Jesse Short Bull
Tuned in: During a KILI radio program on Pine Ridge Indian Reservation, Beverly Pipe On Head and Cornell Conroy used Lakota and English to call on fellow tribal members to participate in the 2014 election.

End-Run on Native Rights—Will It Work?

Stephanie Woodard

A South Dakota county fighting the voting-rights lawsuit Poor Bear v. Jackson County has asked the court to dismiss it. The November 13 request followed Jackson County striking a deal with South Dakota’s secretary of state and top elections official, Shantel Krebs. The motion to dismiss also followed a missed early-November court deadline, when the county failed to submit an expert report supporting its election procedures.

In the agreement with Secretary Krebs, Jackson County consented to spending long-allotted funding to open a satellite registration and absentee-voting office for the next four federal elections in Wanblee, on the Pine Ridge Indian Reservation. Jackson County handles elections in this portion of Pine Ridge but has refused to access Help America Vote Act (HAVA) money for a full-service polling place.

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Krebs told ICTMN that the limited duration of the pact was a reflection of the state’s limited share of federal HAVA money and an alert to South Dakota counties that they should be prepared to budget for this sort of expense going forward.

Because of the deal, the county told the court, no “live case” exists, and Poor Bear should be dismissed.

Rallying for rights: Sioux tribal members and others gathered in South Dakota’s capital to support Native participation in the 2014 election. (Jesse Short Bull)

Not so fast, said plaintiffs’ attorney Matthew Rappold, of Rapid City. “Defendants’ belated and partial attempt to correct their discriminatory conduct will not allow them to avoid examination in open court and oversight by a federal judge and monitor.”

The county’s attempt is “partial” because Poor Bear asks the court for a permanent federal-elections satellite office, not a temporary one. The plaintiffs also want Jackson County, where Natives couldn’t vote until the 1970s or hold office until the 1980s, to be subject to Justice Department oversight, including federal election monitors and pre-clearance of new voting laws and procedures. Further, plaintiffs want protections for all elections, local and federal.

Pre-eminent civil rights attorney Laughlin McDonald, who is director emeritus of the ACLU Voting Rights Project and author of American Indians and the Fight for Equal Voting Rights, called the motion to dismiss “another effort to shortchange American Indian voters.”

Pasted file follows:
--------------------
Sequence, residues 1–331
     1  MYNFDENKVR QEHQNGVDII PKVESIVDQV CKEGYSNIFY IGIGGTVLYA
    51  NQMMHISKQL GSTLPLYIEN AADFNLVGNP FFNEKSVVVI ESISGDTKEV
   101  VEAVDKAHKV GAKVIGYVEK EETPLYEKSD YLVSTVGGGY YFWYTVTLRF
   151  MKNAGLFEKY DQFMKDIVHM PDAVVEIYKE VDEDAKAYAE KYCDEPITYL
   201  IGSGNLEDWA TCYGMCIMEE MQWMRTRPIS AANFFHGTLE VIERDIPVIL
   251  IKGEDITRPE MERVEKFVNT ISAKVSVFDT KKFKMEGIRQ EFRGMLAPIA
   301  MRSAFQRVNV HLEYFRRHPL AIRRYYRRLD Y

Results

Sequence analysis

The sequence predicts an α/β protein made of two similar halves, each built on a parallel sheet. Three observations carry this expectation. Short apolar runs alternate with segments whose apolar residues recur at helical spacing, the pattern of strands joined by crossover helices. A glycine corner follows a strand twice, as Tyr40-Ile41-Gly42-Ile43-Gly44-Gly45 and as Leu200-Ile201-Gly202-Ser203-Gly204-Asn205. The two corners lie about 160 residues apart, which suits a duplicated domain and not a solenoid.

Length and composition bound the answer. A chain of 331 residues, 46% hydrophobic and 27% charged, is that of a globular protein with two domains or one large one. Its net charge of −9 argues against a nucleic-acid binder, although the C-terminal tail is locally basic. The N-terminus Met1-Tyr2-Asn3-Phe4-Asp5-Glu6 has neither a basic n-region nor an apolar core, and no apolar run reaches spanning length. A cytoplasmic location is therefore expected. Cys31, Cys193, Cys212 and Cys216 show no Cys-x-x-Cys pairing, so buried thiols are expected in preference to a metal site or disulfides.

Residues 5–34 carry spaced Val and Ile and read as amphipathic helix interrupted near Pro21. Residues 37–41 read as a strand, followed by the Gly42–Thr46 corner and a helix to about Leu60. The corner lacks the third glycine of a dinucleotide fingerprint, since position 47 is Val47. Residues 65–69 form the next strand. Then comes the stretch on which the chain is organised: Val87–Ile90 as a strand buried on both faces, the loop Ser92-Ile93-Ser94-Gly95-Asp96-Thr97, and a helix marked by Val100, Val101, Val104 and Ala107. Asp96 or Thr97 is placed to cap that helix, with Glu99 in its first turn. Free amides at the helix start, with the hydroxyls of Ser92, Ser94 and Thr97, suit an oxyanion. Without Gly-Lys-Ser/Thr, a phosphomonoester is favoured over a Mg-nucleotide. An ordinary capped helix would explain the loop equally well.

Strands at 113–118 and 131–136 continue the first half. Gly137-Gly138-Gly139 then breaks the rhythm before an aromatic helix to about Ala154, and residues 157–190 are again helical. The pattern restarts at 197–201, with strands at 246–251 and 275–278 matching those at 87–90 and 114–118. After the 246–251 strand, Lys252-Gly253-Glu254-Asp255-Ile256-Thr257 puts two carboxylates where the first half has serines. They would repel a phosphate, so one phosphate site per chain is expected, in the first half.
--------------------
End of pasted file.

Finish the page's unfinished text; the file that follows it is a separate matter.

Election monitors are critical, said OJ Semans, Rosebud Sioux co-director of voting-rights group Four Directions. He recalled that a white county official supervising the 2014 election elsewhere on Pine Ridge quashed Native voting by posting a white county sheriff in the door of the polling place. After the Justice Department banned this, she parked a sheriff’s department vehicle out front.

The fear caused was obvious. Turnout plummeted, and voters asked this reporter if the sheriff had jurisdiction over them or, failing that, if he could arrest them for something and hold them until another entity, such as the FBI, showed up. The Justice Department soon sent an observer to guarantee access.

“Polling places can be established, yet not be open to Native voters,” Semans said. He called the satellite-office agreement a victory for equality but agreed it wouldn’t end the lawsuit.

RELATED: Who Called the Sheriff? Pine Ridge Voter Turnout Plummets, Then Rebounds

The state’s mainstream and alternative media have weighed in. An influential political blog accused Jackson County of playing legal and financial “dodgeball.” The author wrote that suit’s dismissal would mean that the case couldn’t be decided on the merits, potentially establishing another equal-rights precedent, and that the county would be exempt from paying plaintiffs’ court costs.

“Two other South Dakota counties slipped the noose for court costs in a 2012 voting-rights lawsuit,” explained Four Directions consultant Bret Healy. “Brooks v. Gant was going the Native plaintiffs’ way, so the counties capitulated at the last minute, gave the plaintiffs the satellite polling place they wanted and got a dismissal.”

Healy said the tactic wouldn’t work again. “That dog won’t hunt in Poor Bear, because the complaint includes more than a satellite office for four federal elections.”

RELATED: Why Doesn’t Jackson County Want Natives to Vote?

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This is Jackson County’s second attempt to get Poor Bear dismissed. In May, a federal judge refused, writing that the Native plaintiffs appeared on track to proving discrimination. Meanwhile, the Justice Department has supported the Native plaintiffs with a Statement of Interest. The county’s attorney did not respond to ICTMN’s requests for a comment.

RELATED: Poor Bear Wins A Round: Oglala Voting Suit Advances

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JohnHancock's picture
Submitted by JohnHancock on
"He called the satellite-office agreement a victory for equality but agreed it wouldn’t end the lawsuit." I think the author of this story buried the lead: This ruling and agreement were a giant victory for voting rights. But as a victim, she has to agonize over the agreement's shortcomings.